viernes, 31 de agosto de 2012

Woman dies during Nebraska wildfire evacuation - Omaha World-Herald

MAP: Where the fires are.

UPDATE: The Sheridan County Sheriff's Office has issued a mandatory evacuation for anyone living in the west and south area of the Metcalf Wildlife Area, which is 9 miles north of Hays Springs, because of a third fire in that area.

* * * UPDATE: Ronni Davis, 64, died Wednesday night during a fire evacuation process for the West Ash Creek Fire, according to the Dawes County Attorney's Office.

Chadron dispatch received a call at 10:17 p.m. that a neighbor discovered Davis having difficulty breathing when they went to check on her during the evacuation. The Chadron ambulance and the Dawes County Sheriff responded to her home and attempted resuscitation and transported her to the Chadron Community Hospital. She was pronounced dead there.

A preliminary investigation indicates Davis likely died of natural causes from a cardio-pulmonary event.

* * *

CHADRON, Neb. — A pair of rapidly growing wildfires forced authorities to evacuate about 150 Dawes County residents, close Chadron State Park and cancel classes in Chadron Thursday.

Combined, the fires have burned an estimated 25,000 acres, said Beth Hermanson, fire information officer for the Rocky Mountain interagency incident management team. The team has been called in to relieve exhausted local firefighters.

"We're looking at zero percent containment right now," she said. "We've got a lot of work to do."

The fires were estimated at only 1,300 acres as of Wednesday, but grew quickly as hot winds propelled flames through dry timber and grasslands.

Hot, windy weather forecast for Thursday is not expected to help control efforts, Hermanson said.

One fire, dubbed the West Ash fire, is burning an area south of Chadron, stretching from U.S. Highway 385 to West Ash Road. Most of the area lies within U.S. Forest Service land, but private lands also were affected, Hermanson said.

That fire forced the evacuation and closure of Chadron State Park Wednesday night, said Cyd Janssen, a spokeswoman for the U.S. Forest Service. The park remained closed Thursday.

The second fire, called the Douthit fire, was burning between Harrison and Crawford in timber, rough canyons and inaccessible areas. Janssen said it was threatening the main railroad line into Crawford but had not forced the line to shut down.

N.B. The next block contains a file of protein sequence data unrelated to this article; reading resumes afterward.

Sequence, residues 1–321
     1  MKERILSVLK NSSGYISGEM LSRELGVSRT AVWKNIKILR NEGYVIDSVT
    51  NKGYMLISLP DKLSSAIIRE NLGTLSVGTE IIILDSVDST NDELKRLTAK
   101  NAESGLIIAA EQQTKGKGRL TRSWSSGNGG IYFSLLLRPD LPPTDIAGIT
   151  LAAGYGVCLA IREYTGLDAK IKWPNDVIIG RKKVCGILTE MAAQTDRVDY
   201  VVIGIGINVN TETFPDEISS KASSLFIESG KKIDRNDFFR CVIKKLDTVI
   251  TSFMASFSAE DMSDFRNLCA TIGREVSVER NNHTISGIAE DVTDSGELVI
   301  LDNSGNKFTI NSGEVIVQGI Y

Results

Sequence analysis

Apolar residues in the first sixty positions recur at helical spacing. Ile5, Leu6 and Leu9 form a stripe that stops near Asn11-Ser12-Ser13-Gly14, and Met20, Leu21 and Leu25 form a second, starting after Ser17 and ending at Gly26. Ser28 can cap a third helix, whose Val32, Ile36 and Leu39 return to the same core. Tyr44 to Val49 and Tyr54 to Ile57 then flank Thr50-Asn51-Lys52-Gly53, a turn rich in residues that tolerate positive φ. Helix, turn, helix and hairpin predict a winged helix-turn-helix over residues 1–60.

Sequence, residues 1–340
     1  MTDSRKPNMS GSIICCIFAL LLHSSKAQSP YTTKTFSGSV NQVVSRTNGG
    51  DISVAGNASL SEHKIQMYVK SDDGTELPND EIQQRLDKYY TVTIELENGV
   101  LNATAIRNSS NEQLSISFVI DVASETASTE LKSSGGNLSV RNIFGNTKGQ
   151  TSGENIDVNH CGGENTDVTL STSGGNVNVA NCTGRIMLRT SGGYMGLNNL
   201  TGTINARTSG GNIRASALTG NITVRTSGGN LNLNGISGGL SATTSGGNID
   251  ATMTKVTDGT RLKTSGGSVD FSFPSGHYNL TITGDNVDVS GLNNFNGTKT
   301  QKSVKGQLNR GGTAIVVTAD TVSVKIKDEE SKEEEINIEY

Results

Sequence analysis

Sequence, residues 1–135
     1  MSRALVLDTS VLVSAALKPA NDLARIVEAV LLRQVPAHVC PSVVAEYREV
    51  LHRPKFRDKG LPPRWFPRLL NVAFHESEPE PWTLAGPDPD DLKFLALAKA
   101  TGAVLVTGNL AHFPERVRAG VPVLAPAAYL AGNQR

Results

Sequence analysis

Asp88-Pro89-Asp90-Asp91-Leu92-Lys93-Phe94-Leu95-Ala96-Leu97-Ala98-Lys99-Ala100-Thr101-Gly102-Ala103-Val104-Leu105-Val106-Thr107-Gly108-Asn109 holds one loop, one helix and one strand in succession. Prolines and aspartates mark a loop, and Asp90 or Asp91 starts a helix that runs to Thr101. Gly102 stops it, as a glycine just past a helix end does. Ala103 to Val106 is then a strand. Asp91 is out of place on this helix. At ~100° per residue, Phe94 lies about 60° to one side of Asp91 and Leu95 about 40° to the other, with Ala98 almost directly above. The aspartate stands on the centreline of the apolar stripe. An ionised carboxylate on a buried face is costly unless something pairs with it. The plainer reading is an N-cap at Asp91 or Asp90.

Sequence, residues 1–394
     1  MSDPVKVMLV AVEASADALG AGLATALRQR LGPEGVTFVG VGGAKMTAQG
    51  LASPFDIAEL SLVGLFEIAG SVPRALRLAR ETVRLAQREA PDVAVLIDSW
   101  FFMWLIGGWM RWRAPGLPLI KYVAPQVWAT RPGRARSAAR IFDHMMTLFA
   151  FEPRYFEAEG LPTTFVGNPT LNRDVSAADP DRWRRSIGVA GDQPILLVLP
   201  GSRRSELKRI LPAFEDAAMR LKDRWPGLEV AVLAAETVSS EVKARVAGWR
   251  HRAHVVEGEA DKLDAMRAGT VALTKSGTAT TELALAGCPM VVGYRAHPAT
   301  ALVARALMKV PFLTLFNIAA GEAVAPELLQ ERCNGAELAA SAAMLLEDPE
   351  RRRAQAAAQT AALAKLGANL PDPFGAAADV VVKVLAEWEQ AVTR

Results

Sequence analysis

Both Chadron State College and Chadron Public Schools canceled Thursday and Friday classes because of uncertainty over the wildfires.

"The campus is in no imminent danger, but when we're dealing with something as uncertain as wildfires we want to be extremely cautious," said Dale Grant, the college's vice president for administration and finance.

Chadron State freshman Yadira Gurrola was among the students who chose to leave campus Thursday morning.

"Our RA (resident assistant) knocked on our door at 5:30 a.m. telling us classes were cancelled, and there was a pre-evacuation," Gurrola said.

The pre-evacuation was an effort to get as many students out of Chadron as possible so there would be fewer students to worry about in case there were to be mandatory evacuation, she said.

Gurrola said that before she left — at about 9:30 a.m. Central time — she and her roommate had opened the windows of their dorm room.

"We can't see part of the hills and it's all smoky," she said. "All the smoke made our eyes burn and it was kind of hard to breathe."

College officials said the campus would remain open and students living in the residence halls are not required to leave. But they encouraged students planning to go home for the Labor Day weekend to leave as soon as possible.

Gurrola said she couldn't take her usual route on U.S. 385 to her hometown of Scottsbluff because of the fire.

Hermanson said the fire jumped U.S. 385 during the night. As of Thursday morning, the highway was reduced to one-lane traffic in a stretch south of Chadron.

Some county roads have been closed in the area of the Douthit fire, Janssen said.

She said about 150 residents from 102 rural homes were evacuated during the night. In addition, residents on the east side of the West Ash fire were notified about a potential evacuation.

No towns in the area were in danger as of Thursday morning, Hermanson said.

Both fires were started by lightning from a Tuesday afternoon thunderstorm and were burning on public and privately owned land.

One building near the Box Butte and Dawes County line, northeast of Hemingford, received minor damage. Siding melted after the fire reached within 30 feet of the house. Entire pastures and haystacks were lost in the fires.

T.J. Thomson and Ashley Swanson of the Chadron State Eagle contributed to this report.

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